Below are updates we have been posting since the unrest begin in Nicaragua in mid-April 2018. The most recent information is first, you can scroll down to read earlier updates. Please keep Nicaragua in your prayers and if you are able to make a donation today, please click here, thank you so much.
June 18 2018
During the past week, violence worsened even more, when we thought more wouldn’t be possible. Armed people are rampart on the streets killing, hurting, and destroying property both public and private. Last Saturday, an entire family was burned to death in Managua inside their own home which served as a mattress business. People believe that the paramilitary forces did it.
This terrible situation has reopened old wounds and made new ones in the society. Hatred is increasing to the degree that deaths and attacks are justified depending on who the victims are and on the perspective of the people. We need to seek reconciliation with each other, but right now it seems there is no time for that. Trying to survive, to get food, to get to work and home are the priorities every day.
Last Thursday the 14th, there was a national strike called by the private enterprise sector. Most businesses were closed, some because they responded to the call and others because of fear that their businesses might be burned down or attacked.
Finally, last Friday the 15th the dialogue was resumed. On Friday and Saturday, they approved the agenda and appointed sub-committees for the issues of democratization, judiciary and electoral reforms. Those sub-committees will work today and go to plenary discussions tomorrow. The Roman Catholic Church continue serving as witnesses, now with the support of the Ambassador from the Vatican in Nicaragua. We still hope that the dialogue will bring a solution although sometimes we despair because it’s taking too long.
Two months after the unrest started more than 200 people have been killed and many more are wounded, detained and missing. At least a death occurs every day somewhere in the country. Our staff remains safe. This week we are on mid-year vacation praying that there are advances on the dialogue table and that by next week the environment is less dangerous.
We have to regret the tragic death of Wilton Cornejo, one of our youth of the psycosocial program in community Las Piedras in Pantasma. There are still investigations going on about the causes of his death. Please pray for his family and entire community where he was greatly appreciated.
Finally, we are grateful for all your support. Prayers, letters, words of encouragement and financial support inspire us and remind us that we are not alone. Thank you.
May God bless you
May 25 2018
Dear Brothers and Sisters:
I wanted to inform you about the situation in CEPAD at the national level.
1. The Community Development Committees in all of the zones are developing their community plans, meeting and visiting beneficiaries of the projects. What they have not been able to do is ask for support for their projects due to lack of transportation or access to the municipal governments.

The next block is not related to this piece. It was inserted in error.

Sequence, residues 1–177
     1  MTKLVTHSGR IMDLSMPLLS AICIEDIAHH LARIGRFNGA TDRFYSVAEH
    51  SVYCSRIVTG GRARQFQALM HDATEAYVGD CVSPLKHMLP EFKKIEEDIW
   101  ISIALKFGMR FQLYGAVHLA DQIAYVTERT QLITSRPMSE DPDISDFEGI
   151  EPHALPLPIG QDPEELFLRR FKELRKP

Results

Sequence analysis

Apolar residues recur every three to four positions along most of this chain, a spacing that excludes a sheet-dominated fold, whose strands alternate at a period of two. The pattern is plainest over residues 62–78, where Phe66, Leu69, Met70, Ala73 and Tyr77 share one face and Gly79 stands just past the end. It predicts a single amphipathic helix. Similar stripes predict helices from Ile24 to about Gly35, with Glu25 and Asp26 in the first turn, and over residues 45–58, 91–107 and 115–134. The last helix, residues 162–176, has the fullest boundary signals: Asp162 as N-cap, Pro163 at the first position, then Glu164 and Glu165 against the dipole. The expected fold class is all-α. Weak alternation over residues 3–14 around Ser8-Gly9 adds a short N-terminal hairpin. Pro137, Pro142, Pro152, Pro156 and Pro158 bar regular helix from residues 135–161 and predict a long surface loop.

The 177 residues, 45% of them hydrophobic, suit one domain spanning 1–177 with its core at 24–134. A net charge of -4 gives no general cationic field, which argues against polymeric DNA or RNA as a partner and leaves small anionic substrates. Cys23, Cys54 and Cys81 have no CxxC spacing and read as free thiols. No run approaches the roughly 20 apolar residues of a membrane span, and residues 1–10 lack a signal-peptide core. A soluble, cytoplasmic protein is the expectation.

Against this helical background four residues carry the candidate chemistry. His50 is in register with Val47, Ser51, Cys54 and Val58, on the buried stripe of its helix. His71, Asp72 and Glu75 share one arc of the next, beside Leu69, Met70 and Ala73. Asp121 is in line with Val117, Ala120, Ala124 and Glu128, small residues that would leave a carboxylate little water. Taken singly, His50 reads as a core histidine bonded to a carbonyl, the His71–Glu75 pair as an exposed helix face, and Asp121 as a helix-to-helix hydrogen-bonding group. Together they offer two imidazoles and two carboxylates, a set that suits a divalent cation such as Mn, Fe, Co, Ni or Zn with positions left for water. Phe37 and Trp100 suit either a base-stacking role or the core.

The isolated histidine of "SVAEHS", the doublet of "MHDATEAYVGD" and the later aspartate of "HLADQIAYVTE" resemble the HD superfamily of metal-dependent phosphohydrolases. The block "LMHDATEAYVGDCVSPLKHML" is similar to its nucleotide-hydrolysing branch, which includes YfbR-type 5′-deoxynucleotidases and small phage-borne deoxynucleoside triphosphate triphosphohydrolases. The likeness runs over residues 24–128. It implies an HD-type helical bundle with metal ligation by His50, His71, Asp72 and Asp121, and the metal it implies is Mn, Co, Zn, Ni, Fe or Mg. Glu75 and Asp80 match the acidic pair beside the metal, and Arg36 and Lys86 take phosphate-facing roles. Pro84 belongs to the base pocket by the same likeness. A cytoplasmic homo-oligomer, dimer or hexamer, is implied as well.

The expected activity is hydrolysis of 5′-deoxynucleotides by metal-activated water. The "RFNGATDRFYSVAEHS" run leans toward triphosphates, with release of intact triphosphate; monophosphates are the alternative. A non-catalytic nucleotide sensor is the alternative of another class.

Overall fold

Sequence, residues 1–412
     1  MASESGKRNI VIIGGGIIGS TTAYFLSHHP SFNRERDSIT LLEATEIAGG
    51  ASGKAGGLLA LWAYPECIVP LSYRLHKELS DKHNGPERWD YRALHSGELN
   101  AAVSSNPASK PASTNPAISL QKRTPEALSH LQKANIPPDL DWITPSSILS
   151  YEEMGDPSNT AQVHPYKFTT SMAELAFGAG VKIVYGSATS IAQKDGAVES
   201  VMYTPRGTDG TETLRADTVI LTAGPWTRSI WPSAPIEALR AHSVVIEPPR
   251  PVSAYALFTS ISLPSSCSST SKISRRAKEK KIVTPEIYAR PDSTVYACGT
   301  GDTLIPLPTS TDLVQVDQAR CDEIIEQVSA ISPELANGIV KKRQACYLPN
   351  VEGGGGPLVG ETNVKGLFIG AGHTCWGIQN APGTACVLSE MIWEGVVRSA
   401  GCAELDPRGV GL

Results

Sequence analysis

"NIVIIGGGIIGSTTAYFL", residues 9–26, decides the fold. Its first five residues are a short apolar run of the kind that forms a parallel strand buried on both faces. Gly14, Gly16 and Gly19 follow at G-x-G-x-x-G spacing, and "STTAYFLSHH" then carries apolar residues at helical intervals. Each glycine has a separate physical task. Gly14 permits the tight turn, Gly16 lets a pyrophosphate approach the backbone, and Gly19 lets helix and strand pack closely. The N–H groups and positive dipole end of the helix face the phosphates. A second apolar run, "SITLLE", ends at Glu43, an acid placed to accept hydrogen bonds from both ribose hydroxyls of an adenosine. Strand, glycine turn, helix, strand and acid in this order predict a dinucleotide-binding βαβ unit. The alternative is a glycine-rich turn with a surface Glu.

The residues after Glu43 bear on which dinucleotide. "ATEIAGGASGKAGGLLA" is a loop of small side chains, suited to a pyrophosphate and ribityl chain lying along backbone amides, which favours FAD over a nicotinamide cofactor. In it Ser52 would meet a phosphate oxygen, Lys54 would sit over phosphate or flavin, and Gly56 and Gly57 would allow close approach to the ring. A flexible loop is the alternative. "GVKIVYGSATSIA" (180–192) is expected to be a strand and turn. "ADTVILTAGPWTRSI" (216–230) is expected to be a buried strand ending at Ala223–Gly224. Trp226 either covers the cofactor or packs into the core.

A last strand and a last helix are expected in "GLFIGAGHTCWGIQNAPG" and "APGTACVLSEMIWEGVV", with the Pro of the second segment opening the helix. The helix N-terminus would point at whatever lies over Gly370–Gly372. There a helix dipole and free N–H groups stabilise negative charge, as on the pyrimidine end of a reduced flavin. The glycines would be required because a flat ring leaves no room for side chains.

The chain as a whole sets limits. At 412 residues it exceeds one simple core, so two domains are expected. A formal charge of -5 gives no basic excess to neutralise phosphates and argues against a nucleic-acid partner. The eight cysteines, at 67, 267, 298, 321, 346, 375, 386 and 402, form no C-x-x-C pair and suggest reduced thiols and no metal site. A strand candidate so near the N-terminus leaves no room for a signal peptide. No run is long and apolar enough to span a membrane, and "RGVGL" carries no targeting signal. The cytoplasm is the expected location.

2. Farmers are optimistic with the entrance of the rainy season and are preparing their plots to plant. In Pantasma and Oriente they have begun planting. The farmers in Pantasma have made their compost and in Teustepe they are even selling compost to farmers who normally use chemical fertilizers.
3. The women working with family gardens have been planting their vegetables. The women participating in Community Banking and Work programs are putting into practice what they have learned in their training and are working on their businesses.
4. The pastors in the municipalities have been meeting regularly to pray for peace. In Nueva Guinea members of the pastoral committee are members of the Municipal Commission of Peace that has been formed and they are promoting peace through radio programs in the area.
5. All of CEPAD’s zonal offices have been in touch via phone with the community leaders to monitor the advance of their plants. The social technicians of Matagalpa, Teustepe and Pantasma have been able to visit the villages. The access has been more limited for villages in the zones of Oriente and San Francisco Libre because there have been roadblocks even though it is still possible to reach the villages. The only zone where this is no access to the villages is in Nueva Guinea but we have been monitoring the situation through phone calls. Teustepe has not had any interruption in training activities; Pantasma and Matagalpa have pushed training back to next week.
6. The Institute in Leon (high school) has had classes normally with the exception of a few days. The administrative staff has been working normally. Radio CEPAD has also been transmitting normally with their staff. Despite the challenges the Nehemias guest house had two groups from Nicaragua in May.
7. We have not had more delegations cancel. We hope to have at least 4 groups visit in June and July. However, if the problems continue do to roadblocks the groups will not be able to visit the villages so we are proposing a change in the purpose of their visit. We would like them to come and listen and see what is happening in Managua so they can promote the solidarity in their churches and/or denominations. This was the objective of the program when it was founded in the ‘80’s.